Ever have one of those weeks where you got some great feedback on how to be better from multiple people? They are rare, but fantastic. Most of us know what we're good at, but we're not always aware of how we can be better. And unfortunately one of those things most of us aren't good is giving developmental feedback. So this week, we've pulled together some really relevant pieces on how you can be better. You know, in case no one will tell you. 1) The Best Kind of Entrepreneur to Be from Inc.
"Maybe you're afraid to start a business because you feel you could never compare to the brightest stars in the entrepreneurial firmament. Or maybe you shrink from the thought of having to work and sacrifice and struggle towards a goal you may never accomplish. Or maybe you think other people have some intangible entrepreneurial something--ideas, talent, drive, skills, creativity, etc.--you just don't have. If that's the way you think, you're wrong."
2) How Your Team Can Stay Nimble While Growing from OpenForum
"When your team is small, your biggest barriers tend to be external in nature: needing more funding, press or market traction. Internally, though, you can turn on a dime. Yet as you grow, keeping your team aligned and coordinated becomes increasingly challenging. The single best tool you have in keeping your growing team agile is building a culture of effective communication."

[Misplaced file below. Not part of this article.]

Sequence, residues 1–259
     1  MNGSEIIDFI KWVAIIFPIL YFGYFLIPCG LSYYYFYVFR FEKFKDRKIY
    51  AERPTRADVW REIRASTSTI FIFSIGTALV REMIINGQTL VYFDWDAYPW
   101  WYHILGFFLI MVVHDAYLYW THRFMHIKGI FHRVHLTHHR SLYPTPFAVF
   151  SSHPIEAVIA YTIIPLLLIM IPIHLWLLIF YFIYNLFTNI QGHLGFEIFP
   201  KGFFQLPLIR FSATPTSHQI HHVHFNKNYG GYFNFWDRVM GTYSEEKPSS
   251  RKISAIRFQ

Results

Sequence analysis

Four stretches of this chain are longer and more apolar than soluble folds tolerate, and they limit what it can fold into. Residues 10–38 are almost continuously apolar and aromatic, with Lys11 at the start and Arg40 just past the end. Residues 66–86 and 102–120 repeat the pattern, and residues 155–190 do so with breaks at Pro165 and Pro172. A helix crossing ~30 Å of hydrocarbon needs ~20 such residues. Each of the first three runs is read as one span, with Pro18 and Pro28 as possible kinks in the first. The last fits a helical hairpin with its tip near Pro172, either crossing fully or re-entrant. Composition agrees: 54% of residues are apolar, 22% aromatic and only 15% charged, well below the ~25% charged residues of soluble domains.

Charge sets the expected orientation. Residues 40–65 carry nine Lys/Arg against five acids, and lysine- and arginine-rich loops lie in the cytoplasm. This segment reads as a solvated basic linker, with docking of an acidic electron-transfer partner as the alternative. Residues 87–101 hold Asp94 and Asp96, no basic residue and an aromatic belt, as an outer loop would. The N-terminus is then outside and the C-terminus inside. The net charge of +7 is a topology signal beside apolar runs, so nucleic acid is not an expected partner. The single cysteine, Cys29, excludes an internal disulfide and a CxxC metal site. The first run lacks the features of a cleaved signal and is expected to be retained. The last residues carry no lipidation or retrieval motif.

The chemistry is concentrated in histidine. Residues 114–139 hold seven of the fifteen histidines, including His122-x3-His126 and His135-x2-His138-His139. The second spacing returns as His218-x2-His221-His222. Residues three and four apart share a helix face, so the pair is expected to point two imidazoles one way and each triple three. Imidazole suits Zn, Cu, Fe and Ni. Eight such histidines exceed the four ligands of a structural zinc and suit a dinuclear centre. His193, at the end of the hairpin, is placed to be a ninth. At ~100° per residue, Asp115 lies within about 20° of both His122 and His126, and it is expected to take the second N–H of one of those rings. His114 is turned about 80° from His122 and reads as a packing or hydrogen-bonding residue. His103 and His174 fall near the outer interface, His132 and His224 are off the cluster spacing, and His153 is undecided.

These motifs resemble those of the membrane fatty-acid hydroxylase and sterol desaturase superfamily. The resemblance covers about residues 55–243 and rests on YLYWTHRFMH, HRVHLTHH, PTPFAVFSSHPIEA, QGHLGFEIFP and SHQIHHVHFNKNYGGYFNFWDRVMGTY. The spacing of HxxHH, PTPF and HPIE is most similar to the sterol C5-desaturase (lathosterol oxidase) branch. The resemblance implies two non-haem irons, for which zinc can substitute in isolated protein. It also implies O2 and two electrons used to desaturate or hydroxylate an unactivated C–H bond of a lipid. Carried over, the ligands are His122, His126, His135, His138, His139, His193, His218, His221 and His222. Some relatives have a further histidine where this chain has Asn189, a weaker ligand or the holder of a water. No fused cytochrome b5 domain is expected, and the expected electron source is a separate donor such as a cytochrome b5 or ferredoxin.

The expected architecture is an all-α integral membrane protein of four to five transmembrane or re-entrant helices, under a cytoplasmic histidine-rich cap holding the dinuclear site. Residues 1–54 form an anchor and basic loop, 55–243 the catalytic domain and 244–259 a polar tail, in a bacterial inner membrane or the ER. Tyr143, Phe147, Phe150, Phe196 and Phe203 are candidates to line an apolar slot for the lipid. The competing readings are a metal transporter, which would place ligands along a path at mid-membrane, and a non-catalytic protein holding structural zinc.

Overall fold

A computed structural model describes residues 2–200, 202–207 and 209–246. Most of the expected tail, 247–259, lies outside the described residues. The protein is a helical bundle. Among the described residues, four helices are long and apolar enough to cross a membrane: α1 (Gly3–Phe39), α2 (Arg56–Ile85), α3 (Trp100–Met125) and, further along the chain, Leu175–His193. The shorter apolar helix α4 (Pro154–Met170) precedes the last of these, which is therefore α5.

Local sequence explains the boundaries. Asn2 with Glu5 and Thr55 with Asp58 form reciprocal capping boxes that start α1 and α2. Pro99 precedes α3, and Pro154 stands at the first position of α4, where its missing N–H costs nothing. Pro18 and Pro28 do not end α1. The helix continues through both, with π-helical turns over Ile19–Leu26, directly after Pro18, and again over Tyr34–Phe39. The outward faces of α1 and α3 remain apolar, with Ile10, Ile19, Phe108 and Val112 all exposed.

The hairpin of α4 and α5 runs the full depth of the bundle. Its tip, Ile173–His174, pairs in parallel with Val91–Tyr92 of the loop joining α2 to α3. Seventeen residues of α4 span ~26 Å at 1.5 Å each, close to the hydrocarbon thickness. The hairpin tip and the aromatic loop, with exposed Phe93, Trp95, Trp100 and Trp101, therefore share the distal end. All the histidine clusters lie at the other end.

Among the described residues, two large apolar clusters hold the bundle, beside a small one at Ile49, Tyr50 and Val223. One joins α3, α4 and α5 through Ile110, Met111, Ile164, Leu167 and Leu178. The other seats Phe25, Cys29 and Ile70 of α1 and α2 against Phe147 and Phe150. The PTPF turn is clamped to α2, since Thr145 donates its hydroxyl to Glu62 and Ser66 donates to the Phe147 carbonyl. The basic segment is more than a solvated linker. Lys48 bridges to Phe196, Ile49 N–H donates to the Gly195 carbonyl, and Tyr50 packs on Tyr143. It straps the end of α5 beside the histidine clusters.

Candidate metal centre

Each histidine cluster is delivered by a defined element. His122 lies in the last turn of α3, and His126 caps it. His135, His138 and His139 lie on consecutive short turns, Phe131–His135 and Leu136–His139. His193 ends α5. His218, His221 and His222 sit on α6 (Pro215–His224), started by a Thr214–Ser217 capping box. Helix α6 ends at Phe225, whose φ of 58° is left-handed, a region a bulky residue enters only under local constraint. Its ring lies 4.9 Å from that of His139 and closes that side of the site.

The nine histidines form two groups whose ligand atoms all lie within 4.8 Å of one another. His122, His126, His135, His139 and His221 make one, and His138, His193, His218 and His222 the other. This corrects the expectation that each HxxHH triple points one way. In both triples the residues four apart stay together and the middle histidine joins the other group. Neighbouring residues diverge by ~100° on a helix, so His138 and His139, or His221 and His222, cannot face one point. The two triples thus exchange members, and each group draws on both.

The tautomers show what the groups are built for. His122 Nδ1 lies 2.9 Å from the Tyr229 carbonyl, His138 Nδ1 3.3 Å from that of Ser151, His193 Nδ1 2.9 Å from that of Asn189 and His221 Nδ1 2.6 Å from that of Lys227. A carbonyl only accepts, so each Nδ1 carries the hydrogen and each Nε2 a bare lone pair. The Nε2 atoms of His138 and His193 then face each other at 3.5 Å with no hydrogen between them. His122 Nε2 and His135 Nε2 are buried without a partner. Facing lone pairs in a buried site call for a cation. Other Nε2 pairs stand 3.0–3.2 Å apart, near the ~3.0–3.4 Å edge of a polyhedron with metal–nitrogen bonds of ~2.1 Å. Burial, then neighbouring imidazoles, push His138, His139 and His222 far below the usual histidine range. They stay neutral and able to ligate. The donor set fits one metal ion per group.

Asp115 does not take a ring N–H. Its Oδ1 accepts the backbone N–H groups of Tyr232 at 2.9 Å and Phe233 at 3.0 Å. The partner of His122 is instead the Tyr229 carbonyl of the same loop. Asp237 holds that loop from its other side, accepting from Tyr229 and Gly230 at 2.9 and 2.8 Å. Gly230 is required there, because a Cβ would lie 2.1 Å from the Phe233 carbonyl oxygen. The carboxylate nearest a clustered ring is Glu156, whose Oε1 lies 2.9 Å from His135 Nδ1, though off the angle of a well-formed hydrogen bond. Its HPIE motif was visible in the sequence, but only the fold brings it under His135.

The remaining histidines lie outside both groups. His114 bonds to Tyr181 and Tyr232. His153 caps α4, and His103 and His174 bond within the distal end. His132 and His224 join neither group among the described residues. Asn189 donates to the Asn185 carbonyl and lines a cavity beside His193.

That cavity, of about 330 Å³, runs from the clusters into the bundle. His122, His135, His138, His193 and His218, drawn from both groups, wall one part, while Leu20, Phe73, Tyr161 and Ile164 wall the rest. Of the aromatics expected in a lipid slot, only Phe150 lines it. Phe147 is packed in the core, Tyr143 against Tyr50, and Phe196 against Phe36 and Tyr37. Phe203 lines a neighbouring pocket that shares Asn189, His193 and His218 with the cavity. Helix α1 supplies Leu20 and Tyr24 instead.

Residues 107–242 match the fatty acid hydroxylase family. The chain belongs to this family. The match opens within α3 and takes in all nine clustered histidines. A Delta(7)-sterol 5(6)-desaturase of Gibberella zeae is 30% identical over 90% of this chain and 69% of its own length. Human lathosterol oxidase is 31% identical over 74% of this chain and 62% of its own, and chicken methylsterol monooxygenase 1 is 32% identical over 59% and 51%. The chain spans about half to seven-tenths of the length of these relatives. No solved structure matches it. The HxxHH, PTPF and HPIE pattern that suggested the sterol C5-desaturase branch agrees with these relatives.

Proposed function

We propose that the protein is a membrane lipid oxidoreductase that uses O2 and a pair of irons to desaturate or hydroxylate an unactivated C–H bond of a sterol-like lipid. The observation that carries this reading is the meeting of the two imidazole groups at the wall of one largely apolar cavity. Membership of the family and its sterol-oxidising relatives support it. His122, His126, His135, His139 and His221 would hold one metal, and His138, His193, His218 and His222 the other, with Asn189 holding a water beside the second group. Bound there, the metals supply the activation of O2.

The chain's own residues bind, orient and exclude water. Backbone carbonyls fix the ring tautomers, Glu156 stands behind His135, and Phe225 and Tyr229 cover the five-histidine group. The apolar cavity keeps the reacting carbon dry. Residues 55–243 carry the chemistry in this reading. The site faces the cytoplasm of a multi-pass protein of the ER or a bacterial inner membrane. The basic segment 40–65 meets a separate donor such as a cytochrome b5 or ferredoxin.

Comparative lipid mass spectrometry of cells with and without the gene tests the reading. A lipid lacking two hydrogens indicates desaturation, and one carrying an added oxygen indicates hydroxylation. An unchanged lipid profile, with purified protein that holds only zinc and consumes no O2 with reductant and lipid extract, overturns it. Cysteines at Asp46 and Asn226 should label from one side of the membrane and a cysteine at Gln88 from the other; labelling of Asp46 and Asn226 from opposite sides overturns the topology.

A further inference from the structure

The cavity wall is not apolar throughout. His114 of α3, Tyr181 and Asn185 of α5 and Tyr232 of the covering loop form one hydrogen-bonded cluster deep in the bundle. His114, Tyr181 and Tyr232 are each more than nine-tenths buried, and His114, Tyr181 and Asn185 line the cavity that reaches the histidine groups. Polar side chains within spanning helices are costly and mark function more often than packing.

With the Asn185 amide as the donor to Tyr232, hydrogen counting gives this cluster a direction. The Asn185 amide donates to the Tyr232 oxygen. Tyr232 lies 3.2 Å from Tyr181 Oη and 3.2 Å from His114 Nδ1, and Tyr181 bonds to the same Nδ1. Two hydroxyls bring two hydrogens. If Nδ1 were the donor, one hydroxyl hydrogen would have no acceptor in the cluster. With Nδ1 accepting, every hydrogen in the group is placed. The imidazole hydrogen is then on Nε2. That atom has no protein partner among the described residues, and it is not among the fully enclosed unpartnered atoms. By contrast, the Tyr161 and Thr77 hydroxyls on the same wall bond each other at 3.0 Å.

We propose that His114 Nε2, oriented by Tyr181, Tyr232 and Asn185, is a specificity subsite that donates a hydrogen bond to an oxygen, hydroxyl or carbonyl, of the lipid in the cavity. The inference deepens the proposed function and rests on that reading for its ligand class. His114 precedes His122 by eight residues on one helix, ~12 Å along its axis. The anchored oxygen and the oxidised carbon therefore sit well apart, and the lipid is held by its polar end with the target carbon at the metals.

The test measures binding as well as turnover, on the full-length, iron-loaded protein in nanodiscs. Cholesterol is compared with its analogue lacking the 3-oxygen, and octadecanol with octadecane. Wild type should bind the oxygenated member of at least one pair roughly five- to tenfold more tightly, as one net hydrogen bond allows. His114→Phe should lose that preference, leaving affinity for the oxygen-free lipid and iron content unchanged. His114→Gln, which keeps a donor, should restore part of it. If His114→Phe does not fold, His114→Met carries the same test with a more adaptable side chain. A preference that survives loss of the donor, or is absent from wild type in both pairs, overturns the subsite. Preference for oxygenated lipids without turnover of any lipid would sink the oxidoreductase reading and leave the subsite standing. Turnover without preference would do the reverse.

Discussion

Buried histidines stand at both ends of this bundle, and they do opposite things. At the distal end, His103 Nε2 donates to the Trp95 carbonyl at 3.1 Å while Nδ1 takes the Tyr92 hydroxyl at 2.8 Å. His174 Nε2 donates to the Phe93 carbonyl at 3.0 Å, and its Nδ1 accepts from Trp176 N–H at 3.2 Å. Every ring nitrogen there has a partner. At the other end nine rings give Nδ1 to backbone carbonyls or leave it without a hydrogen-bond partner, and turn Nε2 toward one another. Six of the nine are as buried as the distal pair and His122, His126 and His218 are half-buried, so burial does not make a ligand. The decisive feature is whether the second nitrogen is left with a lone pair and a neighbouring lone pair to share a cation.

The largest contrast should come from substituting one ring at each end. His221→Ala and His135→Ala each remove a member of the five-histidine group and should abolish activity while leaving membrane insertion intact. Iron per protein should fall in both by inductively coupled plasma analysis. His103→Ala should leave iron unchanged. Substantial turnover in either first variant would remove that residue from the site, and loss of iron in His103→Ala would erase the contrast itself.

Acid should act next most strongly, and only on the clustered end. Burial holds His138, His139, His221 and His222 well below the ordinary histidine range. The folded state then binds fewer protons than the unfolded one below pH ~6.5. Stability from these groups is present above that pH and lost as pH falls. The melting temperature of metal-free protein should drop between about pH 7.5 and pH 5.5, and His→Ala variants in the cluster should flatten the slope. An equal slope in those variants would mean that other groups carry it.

3) Dealing With Difficult Employees When You Don't Have the Time from exaqueo
"As founders or leaders, we’re always on the fly. I’m writing this blog post from an airport lounge! But that doesn’t mean I should text an employee if there’s a problem, or shoot off an email, hit send, and shut down the computer. Feedback has to be a two-way street real-time. A ten-minute phone call now will save you five emails later and an employee so frustrated, stewing about the feedback that he doesn’t focus for the rest of the day. Always direct, always in-person (or on the phone)–the only way to give feedback."
4) Staying Calm is Important from SmartBlogs
"Yelling, screaming and berating others is not acceptable behavior from a leader. If you have a tendency to “go off” on others, you set a bad example (people are watching you and copying your poor behavior) and make the objects of your rage feel terrible. Motivation is killed. More importantly, your employees will avoid and abandon you when you need them most to knuckle under and get the work done or to go the extra mile."
exaqueo is a workforce consultancy that helps startups and high-growth companies build their cultures, employer brands and talent strategies. Contact us to learn more about how we can help you build a workforce that’s aligned with your company culture and develop an employer brand that will allow your business to scale the right way.